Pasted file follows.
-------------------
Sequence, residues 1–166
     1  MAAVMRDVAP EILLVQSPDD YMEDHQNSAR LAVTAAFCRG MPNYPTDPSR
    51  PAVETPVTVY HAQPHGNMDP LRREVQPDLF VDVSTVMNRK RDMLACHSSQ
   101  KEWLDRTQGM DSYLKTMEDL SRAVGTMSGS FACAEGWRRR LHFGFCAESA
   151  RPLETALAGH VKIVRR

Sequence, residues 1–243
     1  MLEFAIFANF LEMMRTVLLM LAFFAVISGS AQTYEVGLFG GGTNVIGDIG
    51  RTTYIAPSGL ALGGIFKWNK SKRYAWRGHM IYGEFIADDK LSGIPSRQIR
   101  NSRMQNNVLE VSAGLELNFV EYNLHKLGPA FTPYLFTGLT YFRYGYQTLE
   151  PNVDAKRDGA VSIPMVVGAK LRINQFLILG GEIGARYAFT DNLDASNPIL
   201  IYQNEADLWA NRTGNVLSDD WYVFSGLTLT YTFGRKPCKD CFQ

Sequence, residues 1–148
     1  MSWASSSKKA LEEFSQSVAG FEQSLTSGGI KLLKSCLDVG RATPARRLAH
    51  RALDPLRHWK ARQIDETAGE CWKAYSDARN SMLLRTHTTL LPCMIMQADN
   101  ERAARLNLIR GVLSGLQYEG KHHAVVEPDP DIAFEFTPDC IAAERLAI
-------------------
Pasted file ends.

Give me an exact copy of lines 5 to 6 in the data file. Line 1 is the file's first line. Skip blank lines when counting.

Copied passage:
   151  RPLETALAGH VKIVRR

Sequence, residues 1–243